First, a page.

An insidious campaign appears to be underway to demonise the 7th NFC Award as the principal culprit for the fiscal difficulties faced by the federal government, including in meeting its security obligations. An explicit and formal expression of this situation was made at the last inconclusive 9th NFC meeting held in the fourth quarter of 2016; whence the federal Finance Ministry sought 7 per cent of the Divisible Pool to be set aside at the outset for meeting federal expenditures on security and development funding for Fata, Gilgit-Baltistan and Azad Kashmir. The provinces are being asked to surrender this amount on the grounds that the 7th NFC had devolved “excessive” amounts to them, which had left the Centre woefully short of funds.
The fact is that the executive branch of the federal government is itself responsible, and solely so, for the fiscal crises that it is facing; with unchecked fiscal profligacy in executive governance. On their part, the provinces are already bearing the burden of federal fiscal irresponsibility. Following the IMF conditions, provinces are required to generate budget surpluses in order to cancel out part of the large federal budget deficit. For example, if the federal deficit is Rs100 and the combined provincial surpluses are Rs40, then the national deficit is reduced to Rs60. That makes IMF and Islamabad — in that order — happy. However, what this means is that if A is unable to control his wasteful expenditures, B should forgo her dinner!
One opportunity that the federal government was presented with to reduce its current expenditure was post-18th Amendment. At the time NFC deliberations were underway, the 26-member all-party special parliamentary committee on constitutional reforms, headed by Raza Rabbani, was also holding court. A common link between the two was Haji Adeel from then NWFP, who was a member of both bodies. NFC members were abreast of where the Raza Rabbani committee was headed and vice versa perhaps; and it was clear that the Concurrent List was likely to be abolished.
One understanding in the NFC was that the reduction in the Centre’s vertical revenue share would be balanced by the abolition of Concurrent List Ministries and Administrative Divisions and the corresponding reduction in federal current expenditures.
That understanding has remained just that and the failure to downsize the federal government and reduce federal current expenditure is at the root of federal fiscal ‘crises’. There are three categories of federal Administrative Divisions that are questionable. They number 15 and need to be abolished or reverted to their original divisions in order to effect significant cost savings
The first category of Administrative Divisions that should have been abolished in the wake of the 18th Amendment, but have been renamed, are Education & Training, Housing & Works, Human Resource Development, Industries & Production, and National Food Security and Research. The second category of Divisions are outright spurious: Climate Change, National Harmony, National Heritage and Integration, and National Regulation and Services. The third category of Divisions have been created by separating them from ‘parent’ Divisions. They are: Defence Production detached from Defence, Information Technology & Telecommunication detached from Communications, Postal Services detached from Communications, Revenue detached from Finance, Statistics from Finance, and States & Frontier Regions detached from Kashmir & Gilgit Baltistan Affairs.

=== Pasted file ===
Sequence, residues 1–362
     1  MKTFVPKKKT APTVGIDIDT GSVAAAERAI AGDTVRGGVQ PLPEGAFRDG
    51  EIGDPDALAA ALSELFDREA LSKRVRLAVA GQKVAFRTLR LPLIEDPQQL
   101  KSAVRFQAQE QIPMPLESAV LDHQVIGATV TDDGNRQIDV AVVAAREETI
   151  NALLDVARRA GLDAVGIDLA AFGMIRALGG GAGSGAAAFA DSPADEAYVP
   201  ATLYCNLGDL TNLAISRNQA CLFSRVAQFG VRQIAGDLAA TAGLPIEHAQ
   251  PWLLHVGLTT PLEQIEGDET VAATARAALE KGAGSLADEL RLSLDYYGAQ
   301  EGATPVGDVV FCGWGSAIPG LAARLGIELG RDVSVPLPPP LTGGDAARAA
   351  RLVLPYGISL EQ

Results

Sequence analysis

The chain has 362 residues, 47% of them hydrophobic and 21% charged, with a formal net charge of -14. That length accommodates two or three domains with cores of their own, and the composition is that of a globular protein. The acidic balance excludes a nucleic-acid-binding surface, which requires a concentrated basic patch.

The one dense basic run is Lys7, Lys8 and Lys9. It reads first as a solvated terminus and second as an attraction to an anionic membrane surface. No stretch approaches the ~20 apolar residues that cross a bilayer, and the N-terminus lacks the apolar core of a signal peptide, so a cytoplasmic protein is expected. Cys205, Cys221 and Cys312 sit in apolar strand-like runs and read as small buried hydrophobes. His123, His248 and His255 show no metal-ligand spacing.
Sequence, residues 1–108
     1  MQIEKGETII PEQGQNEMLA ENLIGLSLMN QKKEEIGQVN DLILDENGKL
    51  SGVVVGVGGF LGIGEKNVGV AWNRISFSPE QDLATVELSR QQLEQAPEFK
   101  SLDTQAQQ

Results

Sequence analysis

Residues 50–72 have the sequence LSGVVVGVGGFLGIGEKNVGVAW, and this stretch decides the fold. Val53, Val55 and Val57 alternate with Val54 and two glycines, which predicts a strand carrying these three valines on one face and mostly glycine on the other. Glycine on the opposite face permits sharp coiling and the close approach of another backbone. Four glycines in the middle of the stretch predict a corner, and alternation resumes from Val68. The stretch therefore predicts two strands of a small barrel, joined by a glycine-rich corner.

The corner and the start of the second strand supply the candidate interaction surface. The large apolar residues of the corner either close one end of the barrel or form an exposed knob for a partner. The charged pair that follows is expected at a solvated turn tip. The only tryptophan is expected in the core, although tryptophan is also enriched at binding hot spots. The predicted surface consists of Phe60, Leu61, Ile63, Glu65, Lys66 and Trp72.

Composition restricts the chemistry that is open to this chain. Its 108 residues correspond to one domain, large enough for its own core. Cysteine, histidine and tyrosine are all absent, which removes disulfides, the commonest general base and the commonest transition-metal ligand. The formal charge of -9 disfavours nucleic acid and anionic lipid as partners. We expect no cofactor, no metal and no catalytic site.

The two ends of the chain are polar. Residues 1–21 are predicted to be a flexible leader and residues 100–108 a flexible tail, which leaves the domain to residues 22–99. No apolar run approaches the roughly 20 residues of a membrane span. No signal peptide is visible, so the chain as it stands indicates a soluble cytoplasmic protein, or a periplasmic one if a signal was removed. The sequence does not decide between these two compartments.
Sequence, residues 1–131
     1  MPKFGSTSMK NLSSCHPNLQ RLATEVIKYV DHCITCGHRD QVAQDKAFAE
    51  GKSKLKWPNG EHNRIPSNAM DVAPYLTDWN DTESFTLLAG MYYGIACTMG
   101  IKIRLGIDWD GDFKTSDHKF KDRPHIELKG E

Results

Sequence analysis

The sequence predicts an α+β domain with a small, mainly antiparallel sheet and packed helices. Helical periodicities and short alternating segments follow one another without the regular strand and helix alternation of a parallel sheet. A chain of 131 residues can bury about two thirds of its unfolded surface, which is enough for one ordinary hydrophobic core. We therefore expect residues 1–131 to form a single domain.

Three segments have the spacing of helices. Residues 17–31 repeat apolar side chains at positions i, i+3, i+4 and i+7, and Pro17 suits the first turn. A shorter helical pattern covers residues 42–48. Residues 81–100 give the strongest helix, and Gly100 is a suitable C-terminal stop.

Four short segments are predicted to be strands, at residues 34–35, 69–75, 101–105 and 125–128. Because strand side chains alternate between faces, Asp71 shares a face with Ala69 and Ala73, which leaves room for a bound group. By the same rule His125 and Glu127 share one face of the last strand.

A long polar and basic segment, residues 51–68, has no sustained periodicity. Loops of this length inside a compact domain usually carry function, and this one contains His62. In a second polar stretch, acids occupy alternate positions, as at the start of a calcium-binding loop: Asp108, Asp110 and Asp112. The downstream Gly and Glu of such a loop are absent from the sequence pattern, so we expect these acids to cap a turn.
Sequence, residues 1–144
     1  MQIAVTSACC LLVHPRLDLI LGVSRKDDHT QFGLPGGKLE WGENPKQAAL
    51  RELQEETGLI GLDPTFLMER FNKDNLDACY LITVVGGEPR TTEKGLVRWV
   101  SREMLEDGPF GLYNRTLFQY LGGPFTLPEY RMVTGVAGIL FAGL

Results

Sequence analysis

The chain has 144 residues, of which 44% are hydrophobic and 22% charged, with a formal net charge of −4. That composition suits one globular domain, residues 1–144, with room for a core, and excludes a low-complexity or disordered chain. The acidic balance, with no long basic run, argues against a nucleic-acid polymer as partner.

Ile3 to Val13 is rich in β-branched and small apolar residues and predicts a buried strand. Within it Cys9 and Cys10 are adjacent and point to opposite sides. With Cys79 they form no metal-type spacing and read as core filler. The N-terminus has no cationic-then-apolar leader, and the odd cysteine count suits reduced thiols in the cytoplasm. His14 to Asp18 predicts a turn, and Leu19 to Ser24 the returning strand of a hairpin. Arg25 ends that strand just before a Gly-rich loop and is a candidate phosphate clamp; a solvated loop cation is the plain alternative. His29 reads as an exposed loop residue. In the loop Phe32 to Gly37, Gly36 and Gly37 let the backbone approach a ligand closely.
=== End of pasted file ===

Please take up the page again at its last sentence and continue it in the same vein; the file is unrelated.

While there is a justifiable case for elimination of unnecessary civil expenditures, a review of federal current expenditure data reveals where culpability primarily lies. The table below shows current expenditure for eight post-7th NFC years – 2009-10 to 2016-17 – for three heads of expenditure: (1) debt, (2) defence and (3) civil administration, including subsidies, etc. It is clear that the real villains of the pieces are debt servicing and defence.
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While overall current expenditure has grown at less than 10 per cent, debt servicing and defence expenditure has increased by over 12 per cent. By contrast, civil expenditure has grown at less than 6 per cent. The debt servicing share trend indicates that the line was held at 36-38 per cent till 2013, but began to balloon 2014 onwards, reaching 46 per cent. Defence expenditure share has risen consistently and steadily from 18 per cent in 2009-10 to 21 per cent in 2016-17. The data clearly shows the remedy for federal fiscal disease lies not in squeezing provincial finances further, but in reining in federal expenditures where it matters.
The writer is an economist and was Sindh’s Technical Member on the 7th NFC. He currently represents Balochistan